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By the renewing of your minds : the pastoral function of Christian doctrine / Ellen T. Charry.

By: Material type: TextTextPublication details: New York : Oxford University Press, 1999.Description: 1 online resource (xiii, 280 pages)Content type:
  • text
Media type:
  • computer
Carrier type:
  • online resource
ISBN:
  • 9780199761098
  • 0199761094
  • 0585279004
  • 9780585279008
  • 9780195134865
  • 0195134869
  • 9780199880058
  • 0199880050
Subject(s): DDC classification:
  • 230/.09 20
LOC classification:
  • BT22 .C45 1999eb
Online resources:
Contents:
Introduction. The art of Christian excellence -- New Testament foundations. Co-optation into the work of God : Paul and his school ; Authoritative teaching : the Sermon on the Mount -- Patristic voices. Defeating the fear of death : Athanasius of Alexandria ; Drinking in the majesty and grace of God : Basil of Caesarea ; Dwelling in the dignity of God : Augustine of Hippo -- Medieval piety. Learning the cross of Christ : Anselm of Canterbury ; Learning love and justice : St. Thomas and Dame Julian -- Sixteenth-century reform. "By the renewing of your minds" : John Calvin -- Conclusion. Sapiential theology.
Summary: Annotation This book develops the thesis that classical Christian theology seeks to help believers flourish by knowing and loving God. Ellen Charry argues this premise by example, offering a close reading of a number of classical texts, from the New Testament era to the Reformation, including works ofPaul, Augustine, Athanasius, Basil of Caesarea, Anselm, and Calvin. She points out the pastoral and moral aims that shape the teachings of these theologians on a wide range of topics, including the Trinity; human beings as created in the image of God; the incorporation of Jews and Gentiles into thebody of Christ in baptism; the incarnation, death, and resurrection of Christ; and the divinity of the Holy Spirit. Charry explains that the very logic of their arguments is shaped by the author's concern for the goodness and happiness that should result from living into the doctrines. She furthershows that although the spiritual and pastoral purposes of these writings are many and complex, they are invariably concerned to foster what modern people can, without difficulty, recognize as human dignity--what she calls "excellence"--In action, affection, and self-appraisal.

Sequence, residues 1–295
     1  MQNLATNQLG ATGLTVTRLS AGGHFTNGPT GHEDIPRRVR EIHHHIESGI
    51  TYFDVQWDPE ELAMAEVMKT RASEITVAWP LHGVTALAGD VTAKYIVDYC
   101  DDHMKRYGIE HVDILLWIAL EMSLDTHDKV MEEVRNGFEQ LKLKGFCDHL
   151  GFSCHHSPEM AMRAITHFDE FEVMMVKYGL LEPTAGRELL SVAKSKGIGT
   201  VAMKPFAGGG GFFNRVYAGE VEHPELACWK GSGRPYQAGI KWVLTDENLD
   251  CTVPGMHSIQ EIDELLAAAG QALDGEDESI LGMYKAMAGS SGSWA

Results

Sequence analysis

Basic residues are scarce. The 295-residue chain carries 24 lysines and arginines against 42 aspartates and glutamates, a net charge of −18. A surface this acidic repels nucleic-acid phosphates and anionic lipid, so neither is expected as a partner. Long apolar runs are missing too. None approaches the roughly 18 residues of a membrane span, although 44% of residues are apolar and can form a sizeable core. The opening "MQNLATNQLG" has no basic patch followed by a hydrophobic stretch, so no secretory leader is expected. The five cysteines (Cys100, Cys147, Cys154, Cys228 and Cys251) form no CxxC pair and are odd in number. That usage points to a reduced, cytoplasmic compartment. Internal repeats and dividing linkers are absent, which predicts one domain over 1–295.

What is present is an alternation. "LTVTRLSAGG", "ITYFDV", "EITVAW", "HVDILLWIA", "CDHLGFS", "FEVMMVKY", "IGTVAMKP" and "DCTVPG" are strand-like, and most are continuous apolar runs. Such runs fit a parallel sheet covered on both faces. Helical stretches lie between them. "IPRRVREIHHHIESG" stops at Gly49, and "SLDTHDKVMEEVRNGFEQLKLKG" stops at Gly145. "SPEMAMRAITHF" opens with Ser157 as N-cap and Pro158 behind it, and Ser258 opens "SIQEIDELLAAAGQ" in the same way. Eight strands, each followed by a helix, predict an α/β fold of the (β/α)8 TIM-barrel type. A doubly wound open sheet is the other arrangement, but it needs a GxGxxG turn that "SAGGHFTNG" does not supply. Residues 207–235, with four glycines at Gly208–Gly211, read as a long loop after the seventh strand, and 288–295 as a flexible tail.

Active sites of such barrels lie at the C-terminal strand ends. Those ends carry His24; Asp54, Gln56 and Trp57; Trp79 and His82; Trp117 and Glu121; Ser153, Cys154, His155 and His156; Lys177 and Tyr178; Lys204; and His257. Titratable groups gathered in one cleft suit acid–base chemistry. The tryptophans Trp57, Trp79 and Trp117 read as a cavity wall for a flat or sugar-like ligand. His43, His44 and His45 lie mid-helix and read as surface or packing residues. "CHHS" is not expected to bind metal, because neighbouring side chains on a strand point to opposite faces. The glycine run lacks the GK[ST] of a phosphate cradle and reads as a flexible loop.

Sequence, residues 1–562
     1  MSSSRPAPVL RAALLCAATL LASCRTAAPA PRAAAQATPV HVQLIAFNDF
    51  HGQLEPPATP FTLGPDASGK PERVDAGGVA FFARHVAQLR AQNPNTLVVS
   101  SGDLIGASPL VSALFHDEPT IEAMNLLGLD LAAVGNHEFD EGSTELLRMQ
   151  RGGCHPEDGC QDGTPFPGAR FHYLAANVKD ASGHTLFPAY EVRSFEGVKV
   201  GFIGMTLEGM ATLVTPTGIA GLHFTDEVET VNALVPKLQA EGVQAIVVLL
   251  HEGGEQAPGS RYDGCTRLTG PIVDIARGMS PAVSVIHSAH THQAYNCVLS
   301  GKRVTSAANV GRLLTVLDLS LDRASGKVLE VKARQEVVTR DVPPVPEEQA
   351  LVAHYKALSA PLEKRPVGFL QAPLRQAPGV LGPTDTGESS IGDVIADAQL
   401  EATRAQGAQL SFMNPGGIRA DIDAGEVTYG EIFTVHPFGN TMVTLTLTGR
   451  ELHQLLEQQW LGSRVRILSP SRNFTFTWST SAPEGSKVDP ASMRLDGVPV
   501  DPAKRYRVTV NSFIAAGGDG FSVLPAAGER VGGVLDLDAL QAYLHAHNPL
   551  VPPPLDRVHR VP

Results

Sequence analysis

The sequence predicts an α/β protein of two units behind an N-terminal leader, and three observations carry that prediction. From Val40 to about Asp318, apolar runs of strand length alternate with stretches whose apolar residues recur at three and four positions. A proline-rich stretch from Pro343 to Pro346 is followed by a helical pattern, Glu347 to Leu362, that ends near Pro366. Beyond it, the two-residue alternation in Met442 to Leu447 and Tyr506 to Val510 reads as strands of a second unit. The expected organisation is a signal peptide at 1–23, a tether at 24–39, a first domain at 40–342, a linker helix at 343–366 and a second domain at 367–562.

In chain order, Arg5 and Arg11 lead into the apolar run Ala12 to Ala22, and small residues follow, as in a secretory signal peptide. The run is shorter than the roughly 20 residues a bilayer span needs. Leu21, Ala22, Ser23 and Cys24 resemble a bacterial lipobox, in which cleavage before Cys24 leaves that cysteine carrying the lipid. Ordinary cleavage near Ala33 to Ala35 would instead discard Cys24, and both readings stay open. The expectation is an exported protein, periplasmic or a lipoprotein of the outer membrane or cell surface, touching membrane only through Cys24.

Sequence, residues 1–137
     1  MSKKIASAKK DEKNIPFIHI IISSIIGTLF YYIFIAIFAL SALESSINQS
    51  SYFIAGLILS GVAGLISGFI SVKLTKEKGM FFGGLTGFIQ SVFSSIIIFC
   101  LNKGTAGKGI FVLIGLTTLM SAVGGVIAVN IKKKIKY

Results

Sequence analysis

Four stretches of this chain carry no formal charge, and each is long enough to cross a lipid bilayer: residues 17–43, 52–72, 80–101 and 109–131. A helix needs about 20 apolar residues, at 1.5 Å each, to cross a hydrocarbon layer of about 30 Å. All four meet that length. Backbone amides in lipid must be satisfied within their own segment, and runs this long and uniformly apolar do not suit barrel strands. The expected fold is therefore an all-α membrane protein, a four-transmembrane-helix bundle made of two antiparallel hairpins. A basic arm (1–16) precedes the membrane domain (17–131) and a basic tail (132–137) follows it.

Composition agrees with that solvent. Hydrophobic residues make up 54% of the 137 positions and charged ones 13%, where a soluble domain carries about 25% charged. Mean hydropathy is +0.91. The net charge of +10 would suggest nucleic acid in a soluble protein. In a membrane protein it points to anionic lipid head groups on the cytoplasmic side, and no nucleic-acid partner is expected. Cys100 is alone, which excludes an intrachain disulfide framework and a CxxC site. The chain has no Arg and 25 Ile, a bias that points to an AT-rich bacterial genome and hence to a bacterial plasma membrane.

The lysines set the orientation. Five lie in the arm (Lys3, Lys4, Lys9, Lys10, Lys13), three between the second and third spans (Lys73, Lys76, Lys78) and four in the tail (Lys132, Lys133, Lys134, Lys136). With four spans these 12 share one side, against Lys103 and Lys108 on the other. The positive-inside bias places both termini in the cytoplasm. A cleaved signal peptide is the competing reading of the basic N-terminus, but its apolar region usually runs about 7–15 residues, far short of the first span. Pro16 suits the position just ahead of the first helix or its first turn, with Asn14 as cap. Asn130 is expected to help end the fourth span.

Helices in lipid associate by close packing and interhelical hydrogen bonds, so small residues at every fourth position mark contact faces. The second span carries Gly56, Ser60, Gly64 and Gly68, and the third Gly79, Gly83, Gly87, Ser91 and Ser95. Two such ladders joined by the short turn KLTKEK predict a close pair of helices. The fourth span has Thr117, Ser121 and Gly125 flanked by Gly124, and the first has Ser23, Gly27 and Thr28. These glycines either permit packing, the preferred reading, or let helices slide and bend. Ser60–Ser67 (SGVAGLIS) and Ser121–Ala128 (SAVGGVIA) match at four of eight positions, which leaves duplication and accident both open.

List(s) this item appears in: Holdings for "Theological Reflection," KCML | Pastoral resources
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Knox Hewitson Library, Presbyterian Research Centre Electronic resources Available Electronic book

Includes bibliographical references index.

Introduction. The art of Christian excellence -- New Testament foundations. Co-optation into the work of God : Paul and his school ; Authoritative teaching : the Sermon on the Mount -- Patristic voices. Defeating the fear of death : Athanasius of Alexandria ; Drinking in the majesty and grace of God : Basil of Caesarea ; Dwelling in the dignity of God : Augustine of Hippo -- Medieval piety. Learning the cross of Christ : Anselm of Canterbury ; Learning love and justice : St. Thomas and Dame Julian -- Sixteenth-century reform. "By the renewing of your minds" : John Calvin -- Conclusion. Sapiential theology.

Annotation This book develops the thesis that classical Christian theology seeks to help believers flourish by knowing and loving God. Ellen Charry argues this premise by example, offering a close reading of a number of classical texts, from the New Testament era to the Reformation, including works ofPaul, Augustine, Athanasius, Basil of Caesarea, Anselm, and Calvin. She points out the pastoral and moral aims that shape the teachings of these theologians on a wide range of topics, including the Trinity; human beings as created in the image of God; the incorporation of Jews and Gentiles into thebody of Christ in baptism; the incarnation, death, and resurrection of Christ; and the divinity of the Holy Spirit. Charry explains that the very logic of their arguments is shaped by the author's concern for the goodness and happiness that should result from living into the doctrines. She furthershows that although the spiritual and pastoral purposes of these writings are many and complex, they are invariably concerned to foster what modern people can, without difficulty, recognize as human dignity--what she calls "excellence"--In action, affection, and self-appraisal.

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